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Fugitive Love sculpture by Auguste Rodin completed between the year 1886 and 1887 was made using marble and then cast in bronze. The sculpture is part of the artist's group of sculptures called the Gates of Hell. It was placed at the right gate of the monument to replace Kiss which was inconsistent with the theme of the rest of the sculptures.
Rodin got the inspiration to create the piece from Dante Alighieri's poetry which created an illusion of lust. The poem described two characters Paolo Malatesta and Francesca da Ramini who had a forbidden love affair. Auguste Rodin's sculpture shows a man and a woman. The woman is trying to escape into the air while the man tries to reach out to her. Clearly, the love is not meant to be and probably will never happen; hence the name, Fugitive Love. Rodin also got inspiration from his wife Camille Claudel who taught him about art and also admired his work.
The artwork first appeared for exhibition in 1887 in the Georges Petit gallery. The two-figure group first showcased under the names The Dream and The Sphinx. Gustave Geffroy, an art critic, then discovered it. The sculpture appeared again in the same gallery in 1889. After that, it became so popular that it was later reproduced but now using white marble and bronze. Just like Auguste's other artworks, Fugitive Love was created using the technique of adding, subtracting, or even multiplying. He would add or remove limbs until he came out with the final piece. No wonder then, that his sculptures were so successful. Since then, some sculptures of Fugitive Love have been made using bronze and others moulded using marble. The sizes of the art pieces differ such that some can fit in a collector’s gallery.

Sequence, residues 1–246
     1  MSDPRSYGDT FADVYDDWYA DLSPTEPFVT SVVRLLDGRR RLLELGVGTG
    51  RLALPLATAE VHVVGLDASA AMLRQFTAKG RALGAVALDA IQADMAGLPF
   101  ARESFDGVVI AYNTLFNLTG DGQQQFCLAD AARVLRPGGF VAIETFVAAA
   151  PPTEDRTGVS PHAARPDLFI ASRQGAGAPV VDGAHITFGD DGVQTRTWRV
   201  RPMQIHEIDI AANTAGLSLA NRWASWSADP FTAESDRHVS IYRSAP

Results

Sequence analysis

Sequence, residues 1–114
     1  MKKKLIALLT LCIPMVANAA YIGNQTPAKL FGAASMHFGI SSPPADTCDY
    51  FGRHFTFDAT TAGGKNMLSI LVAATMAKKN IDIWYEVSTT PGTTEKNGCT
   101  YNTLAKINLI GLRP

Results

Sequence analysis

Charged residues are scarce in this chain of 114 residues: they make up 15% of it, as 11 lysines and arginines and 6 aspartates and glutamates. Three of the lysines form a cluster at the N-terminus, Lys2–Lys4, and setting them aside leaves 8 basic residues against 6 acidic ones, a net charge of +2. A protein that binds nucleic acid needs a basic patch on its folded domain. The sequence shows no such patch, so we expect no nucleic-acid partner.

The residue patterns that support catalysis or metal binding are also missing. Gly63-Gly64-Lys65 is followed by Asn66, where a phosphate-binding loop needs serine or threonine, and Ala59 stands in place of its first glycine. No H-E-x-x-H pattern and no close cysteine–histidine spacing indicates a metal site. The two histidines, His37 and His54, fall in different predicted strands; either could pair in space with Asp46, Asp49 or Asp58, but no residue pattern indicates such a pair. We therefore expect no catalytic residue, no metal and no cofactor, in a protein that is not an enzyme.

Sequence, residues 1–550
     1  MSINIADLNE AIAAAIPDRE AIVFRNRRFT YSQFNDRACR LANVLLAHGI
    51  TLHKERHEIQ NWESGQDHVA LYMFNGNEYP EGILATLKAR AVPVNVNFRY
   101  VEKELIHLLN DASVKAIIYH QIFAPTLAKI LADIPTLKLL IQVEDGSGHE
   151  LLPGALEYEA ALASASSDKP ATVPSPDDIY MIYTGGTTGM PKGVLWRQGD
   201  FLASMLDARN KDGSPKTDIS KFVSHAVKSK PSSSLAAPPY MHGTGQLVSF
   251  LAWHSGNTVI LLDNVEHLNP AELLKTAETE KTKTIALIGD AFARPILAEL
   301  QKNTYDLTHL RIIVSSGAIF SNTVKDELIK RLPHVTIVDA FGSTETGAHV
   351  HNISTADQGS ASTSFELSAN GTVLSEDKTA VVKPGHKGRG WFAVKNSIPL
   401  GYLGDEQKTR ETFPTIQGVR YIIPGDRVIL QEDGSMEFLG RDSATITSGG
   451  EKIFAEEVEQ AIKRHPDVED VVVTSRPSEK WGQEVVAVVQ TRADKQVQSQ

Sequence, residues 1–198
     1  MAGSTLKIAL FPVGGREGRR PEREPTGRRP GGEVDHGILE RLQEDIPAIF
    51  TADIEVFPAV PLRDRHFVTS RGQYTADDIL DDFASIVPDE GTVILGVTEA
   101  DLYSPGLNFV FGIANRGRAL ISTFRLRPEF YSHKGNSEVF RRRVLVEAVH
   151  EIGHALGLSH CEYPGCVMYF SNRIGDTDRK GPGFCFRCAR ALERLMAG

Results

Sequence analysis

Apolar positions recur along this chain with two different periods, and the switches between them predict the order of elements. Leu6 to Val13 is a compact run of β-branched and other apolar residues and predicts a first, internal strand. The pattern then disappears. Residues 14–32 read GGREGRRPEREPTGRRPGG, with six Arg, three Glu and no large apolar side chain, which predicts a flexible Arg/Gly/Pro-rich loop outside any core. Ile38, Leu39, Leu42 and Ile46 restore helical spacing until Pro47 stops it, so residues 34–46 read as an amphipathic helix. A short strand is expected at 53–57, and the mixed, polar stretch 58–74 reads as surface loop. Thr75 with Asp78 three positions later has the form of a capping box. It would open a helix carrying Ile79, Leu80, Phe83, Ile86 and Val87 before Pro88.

The main contributing factor of the success of Fugitive Love is that it precisely represented the struggles of Rodin's generation. Most people had fantasies and problems to do with their love and relationships. Currently, several versions of the artwork exist, and they still depict the same message. Most importantly, Rodin ensured that he worked on the surfaces and the contours of his sculptures. He believed that fine and well-polished surfaces had more impact on the viewers.
The sculptors's predecessors created sculptures that mainly spoke about history and religion. With Fugitive Love, the piece triggered different emotions and imagination in the minds of the viewers. His work has been an inspiration to many artists after him. Without a doubt, Fugitive Love acted as a link between modern and traditional artwork. Museo Soumaya Museum in Mexico holds the original art where admirers can view.